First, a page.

27 Feb Welcome To Gwichyaa Zhee ~ an intimate look into the lives of the Gwitch’in People
In 2017 the Trump administration opened the Arctic National Wildlife Refuge to oil drilling. The development of this fragile ecosystem for energy extraction puts at risk the culture and livelihood of a community that has called the Alaskan wilderness home for millennia. The Gwitch’in People, who rely upon the unimpeded migration of the porcupine caribou herd, will likely witness not only the destruction of the habitat from which they derive a critical source of food, but also the natural environment that defines their ancestral heritage. Much like efforts to preserve the integrity other sites such as the Bears Ears National Monument or the Standing Rock Reservation, the Arctic National Wildlife Refuge is on the frontlines of the battle for Native American sovereignty and the preservation of tribal land. Though far removed from the urban centers of western civilization in the lower 48 United States these wilderness areas mark the boundaries of our collective ability to survive on a planet whose dwindling natural resources may one day fail to support human life. If ecosystems on the northern most margins of our nation collapse, how much longer can we possibility expect our cities to exist?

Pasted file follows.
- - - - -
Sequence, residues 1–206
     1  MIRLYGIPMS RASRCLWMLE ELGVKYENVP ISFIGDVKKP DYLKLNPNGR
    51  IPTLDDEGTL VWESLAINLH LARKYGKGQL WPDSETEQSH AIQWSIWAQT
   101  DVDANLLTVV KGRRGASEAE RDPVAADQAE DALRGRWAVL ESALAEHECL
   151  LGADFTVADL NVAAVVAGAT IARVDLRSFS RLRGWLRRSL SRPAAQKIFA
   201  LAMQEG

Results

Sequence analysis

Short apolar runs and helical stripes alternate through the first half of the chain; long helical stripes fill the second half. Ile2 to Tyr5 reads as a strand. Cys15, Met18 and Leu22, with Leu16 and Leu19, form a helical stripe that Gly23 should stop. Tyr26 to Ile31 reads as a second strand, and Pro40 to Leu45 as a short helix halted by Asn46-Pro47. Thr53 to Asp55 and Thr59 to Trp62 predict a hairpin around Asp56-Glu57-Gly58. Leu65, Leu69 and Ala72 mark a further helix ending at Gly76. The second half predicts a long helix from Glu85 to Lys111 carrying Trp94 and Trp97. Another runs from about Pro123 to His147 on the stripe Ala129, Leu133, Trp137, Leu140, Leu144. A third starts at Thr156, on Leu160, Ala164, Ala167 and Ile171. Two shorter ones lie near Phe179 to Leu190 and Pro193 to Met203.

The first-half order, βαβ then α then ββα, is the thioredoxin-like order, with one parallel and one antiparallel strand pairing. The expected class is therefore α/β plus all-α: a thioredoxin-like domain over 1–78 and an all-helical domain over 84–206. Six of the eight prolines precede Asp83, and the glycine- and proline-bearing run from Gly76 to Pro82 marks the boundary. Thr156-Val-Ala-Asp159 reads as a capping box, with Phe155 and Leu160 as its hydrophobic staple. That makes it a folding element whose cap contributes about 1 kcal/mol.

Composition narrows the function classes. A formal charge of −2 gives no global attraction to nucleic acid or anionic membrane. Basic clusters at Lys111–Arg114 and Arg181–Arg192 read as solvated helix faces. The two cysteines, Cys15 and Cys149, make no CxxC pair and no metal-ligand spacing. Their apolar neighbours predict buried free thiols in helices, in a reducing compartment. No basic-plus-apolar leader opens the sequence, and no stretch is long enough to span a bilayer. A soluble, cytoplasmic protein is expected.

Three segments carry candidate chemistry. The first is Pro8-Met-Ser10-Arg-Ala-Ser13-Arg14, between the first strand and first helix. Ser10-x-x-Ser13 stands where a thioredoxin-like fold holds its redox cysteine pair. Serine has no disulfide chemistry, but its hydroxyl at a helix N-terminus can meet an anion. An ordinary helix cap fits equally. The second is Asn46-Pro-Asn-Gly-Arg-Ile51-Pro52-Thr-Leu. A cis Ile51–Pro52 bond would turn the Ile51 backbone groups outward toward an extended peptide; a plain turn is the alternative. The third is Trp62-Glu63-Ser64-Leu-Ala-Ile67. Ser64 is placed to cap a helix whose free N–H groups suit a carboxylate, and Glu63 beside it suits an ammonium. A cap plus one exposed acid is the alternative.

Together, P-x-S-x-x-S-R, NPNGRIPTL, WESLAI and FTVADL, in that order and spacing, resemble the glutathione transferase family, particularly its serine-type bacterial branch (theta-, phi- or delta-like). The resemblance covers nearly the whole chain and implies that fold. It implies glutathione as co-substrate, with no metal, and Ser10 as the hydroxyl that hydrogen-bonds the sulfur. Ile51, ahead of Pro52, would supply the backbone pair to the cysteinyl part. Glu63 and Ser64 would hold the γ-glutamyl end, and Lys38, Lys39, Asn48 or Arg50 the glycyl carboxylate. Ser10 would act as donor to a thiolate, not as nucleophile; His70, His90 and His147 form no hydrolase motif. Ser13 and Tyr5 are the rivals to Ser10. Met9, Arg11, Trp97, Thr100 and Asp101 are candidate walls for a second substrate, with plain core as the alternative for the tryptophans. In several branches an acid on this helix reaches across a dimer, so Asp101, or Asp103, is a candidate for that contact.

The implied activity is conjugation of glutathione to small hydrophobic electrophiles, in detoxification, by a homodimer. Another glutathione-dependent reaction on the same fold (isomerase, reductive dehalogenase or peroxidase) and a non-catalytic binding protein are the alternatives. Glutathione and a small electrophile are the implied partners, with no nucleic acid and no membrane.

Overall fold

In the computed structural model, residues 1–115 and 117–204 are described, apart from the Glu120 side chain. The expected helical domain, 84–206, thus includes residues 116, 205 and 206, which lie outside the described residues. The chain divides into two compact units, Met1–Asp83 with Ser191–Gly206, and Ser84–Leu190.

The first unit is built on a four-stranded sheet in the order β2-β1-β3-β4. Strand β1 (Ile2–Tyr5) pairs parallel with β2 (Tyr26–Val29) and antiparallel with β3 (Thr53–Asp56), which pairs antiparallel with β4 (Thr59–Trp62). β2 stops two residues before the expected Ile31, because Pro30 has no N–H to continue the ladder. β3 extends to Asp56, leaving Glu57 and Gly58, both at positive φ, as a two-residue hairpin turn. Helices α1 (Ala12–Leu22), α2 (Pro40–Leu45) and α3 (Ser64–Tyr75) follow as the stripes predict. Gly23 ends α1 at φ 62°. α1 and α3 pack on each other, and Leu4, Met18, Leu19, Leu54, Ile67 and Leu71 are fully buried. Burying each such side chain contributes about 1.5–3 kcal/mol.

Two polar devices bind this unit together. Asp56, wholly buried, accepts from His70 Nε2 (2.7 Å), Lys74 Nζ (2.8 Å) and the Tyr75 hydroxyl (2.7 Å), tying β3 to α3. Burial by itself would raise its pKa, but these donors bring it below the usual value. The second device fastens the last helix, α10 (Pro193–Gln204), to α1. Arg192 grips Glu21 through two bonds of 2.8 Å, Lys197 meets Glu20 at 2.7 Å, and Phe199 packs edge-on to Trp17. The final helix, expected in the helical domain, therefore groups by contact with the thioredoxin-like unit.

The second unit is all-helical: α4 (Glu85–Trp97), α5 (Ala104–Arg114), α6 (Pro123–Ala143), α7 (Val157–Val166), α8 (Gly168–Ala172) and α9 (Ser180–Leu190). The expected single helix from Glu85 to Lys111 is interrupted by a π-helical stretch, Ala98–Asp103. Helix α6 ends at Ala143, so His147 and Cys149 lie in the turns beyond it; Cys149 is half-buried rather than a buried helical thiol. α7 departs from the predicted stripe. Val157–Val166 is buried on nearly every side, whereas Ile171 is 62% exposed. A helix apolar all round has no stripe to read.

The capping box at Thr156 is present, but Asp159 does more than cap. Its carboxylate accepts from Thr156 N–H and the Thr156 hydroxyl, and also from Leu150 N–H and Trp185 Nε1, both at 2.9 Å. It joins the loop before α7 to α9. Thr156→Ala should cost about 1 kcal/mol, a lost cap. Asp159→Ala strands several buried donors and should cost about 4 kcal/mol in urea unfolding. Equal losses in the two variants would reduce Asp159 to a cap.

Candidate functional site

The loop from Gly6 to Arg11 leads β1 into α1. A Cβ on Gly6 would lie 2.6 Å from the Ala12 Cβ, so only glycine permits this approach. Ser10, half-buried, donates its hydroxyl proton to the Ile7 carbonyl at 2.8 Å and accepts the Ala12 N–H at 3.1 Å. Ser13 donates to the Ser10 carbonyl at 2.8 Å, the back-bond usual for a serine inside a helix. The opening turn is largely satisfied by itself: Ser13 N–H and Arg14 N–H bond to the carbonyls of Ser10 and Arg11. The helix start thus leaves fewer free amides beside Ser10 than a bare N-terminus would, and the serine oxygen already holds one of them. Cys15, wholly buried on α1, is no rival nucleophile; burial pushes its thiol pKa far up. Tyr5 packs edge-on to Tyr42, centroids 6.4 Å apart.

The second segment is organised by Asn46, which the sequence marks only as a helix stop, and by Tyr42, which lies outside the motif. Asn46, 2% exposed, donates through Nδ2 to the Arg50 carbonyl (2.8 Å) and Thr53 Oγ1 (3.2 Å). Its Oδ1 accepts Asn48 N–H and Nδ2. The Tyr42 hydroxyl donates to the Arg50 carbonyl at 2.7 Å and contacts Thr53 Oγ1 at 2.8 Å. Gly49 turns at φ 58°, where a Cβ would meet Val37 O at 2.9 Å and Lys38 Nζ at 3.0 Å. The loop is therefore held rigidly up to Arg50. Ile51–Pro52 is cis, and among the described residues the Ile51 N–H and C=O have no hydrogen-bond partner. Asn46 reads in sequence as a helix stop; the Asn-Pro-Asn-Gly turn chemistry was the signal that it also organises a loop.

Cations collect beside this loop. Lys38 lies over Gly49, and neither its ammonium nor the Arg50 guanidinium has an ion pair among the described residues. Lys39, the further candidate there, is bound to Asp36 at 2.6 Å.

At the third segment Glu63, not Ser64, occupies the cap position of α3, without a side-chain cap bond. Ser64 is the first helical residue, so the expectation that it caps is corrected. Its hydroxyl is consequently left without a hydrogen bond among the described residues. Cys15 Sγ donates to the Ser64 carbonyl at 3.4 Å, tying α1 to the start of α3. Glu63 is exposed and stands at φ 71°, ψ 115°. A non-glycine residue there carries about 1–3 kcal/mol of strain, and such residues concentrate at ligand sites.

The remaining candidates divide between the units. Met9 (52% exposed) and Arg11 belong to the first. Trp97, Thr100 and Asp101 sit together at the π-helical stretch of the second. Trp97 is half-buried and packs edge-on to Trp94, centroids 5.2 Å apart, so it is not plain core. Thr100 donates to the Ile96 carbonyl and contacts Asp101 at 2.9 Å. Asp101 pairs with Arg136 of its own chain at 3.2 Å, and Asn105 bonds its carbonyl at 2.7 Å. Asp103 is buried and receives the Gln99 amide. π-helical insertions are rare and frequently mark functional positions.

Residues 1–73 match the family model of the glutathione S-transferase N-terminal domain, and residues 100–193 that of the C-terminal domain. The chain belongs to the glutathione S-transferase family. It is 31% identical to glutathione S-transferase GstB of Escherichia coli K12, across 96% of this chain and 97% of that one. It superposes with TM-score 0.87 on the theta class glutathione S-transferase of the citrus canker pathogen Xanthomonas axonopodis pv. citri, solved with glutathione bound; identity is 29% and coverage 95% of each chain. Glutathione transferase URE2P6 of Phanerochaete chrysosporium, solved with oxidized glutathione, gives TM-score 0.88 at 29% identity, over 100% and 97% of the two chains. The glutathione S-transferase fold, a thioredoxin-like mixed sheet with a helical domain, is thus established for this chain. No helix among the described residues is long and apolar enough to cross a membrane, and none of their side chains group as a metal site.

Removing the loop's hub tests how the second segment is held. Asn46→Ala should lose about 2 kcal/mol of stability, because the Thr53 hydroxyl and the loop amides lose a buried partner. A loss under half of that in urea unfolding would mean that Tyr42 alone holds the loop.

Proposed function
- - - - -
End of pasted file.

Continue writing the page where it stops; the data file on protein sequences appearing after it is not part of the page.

In this remarkable film, “Welcome To Gwichyaa Zhee” producers Len Necefer and Greg Balkin introduce viewers to life among the Gwich’in. Visiting Arctic Village and points north near Fort Yukon, Alaska and the Beaufort Sea we are invited to see what these people stand to loose in the name of progress. Though considered by many to be a vast wasteland, the Arctic National Wildlife Refuge is an ecologically diverse and culturally rich environment worth protecting.
For more information visit: http://www.gwichyaazhee.us/